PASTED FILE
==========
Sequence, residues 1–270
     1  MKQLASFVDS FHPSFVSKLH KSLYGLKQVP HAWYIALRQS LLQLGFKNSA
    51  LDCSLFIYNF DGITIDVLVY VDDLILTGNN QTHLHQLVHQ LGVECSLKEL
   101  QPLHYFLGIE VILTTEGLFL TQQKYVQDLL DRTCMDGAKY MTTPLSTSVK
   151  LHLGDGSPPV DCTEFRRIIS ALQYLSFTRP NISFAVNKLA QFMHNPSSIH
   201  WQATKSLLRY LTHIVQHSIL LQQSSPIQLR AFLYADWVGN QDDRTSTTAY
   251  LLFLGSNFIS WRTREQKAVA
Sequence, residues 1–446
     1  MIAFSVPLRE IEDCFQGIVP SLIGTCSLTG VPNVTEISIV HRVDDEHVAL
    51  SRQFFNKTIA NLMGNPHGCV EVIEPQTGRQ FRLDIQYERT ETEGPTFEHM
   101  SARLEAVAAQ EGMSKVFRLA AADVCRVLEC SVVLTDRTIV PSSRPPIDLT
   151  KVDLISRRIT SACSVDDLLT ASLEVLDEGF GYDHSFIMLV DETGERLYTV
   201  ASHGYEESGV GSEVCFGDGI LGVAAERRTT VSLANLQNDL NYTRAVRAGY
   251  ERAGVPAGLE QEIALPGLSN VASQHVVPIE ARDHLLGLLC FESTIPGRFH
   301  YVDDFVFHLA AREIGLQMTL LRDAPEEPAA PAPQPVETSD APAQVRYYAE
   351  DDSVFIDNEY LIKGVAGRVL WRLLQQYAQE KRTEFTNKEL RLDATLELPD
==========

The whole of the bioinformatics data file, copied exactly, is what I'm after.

Sequence, residues 1–270
     1  MKQLASFVDS FHPSFVSKLH KSLYGLKQVP HAWYIALRQS LLQLGFKNSA
    51  LDCSLFIYNF DGITIDVLVY VDDLILTGNN QTHLHQLVHQ LGVECSLKEL
   101  QPLHYFLGIE VILTTEGLFL TQQKYVQDLL DRTCMDGAKY MTTPLSTSVK
   151  LHLGDGSPPV DCTEFRRIIS ALQYLSFTRP NISFAVNKLA QFMHNPSSIH
   201  WQATKSLLRY LTHIVQHSIL LQQSSPIQLR AFLYADWVGN QDDRTSTTAY
   251  LLFLGSNFIS WRTREQKAVA
Sequence, residues 1–446
     1  MIAFSVPLRE IEDCFQGIVP SLIGTCSLTG VPNVTEISIV HRVDDEHVAL
    51  SRQFFNKTIA NLMGNPHGCV EVIEPQTGRQ FRLDIQYERT ETEGPTFEHM
   101  SARLEAVAAQ EGMSKVFRLA AADVCRVLEC SVVLTDRTIV PSSRPPIDLT
   151  KVDLISRRIT SACSVDDLLT ASLEVLDEGF GYDHSFIMLV DETGERLYTV
   201  ASHGYEESGV GSEVCFGDGI LGVAAERRTT VSLANLQNDL NYTRAVRAGY
   251  ERAGVPAGLE QEIALPGLSN VASQHVVPIE ARDHLLGLLC FESTIPGRFH
   301  YVDDFVFHLA AREIGLQMTL LRDAPEEPAA PAPQPVETSD APAQVRYYAE
   351  DDSVFIDNEY LIKGVAGRVL WRLLQQYAQE KRTEFTNKEL RLDATLELPD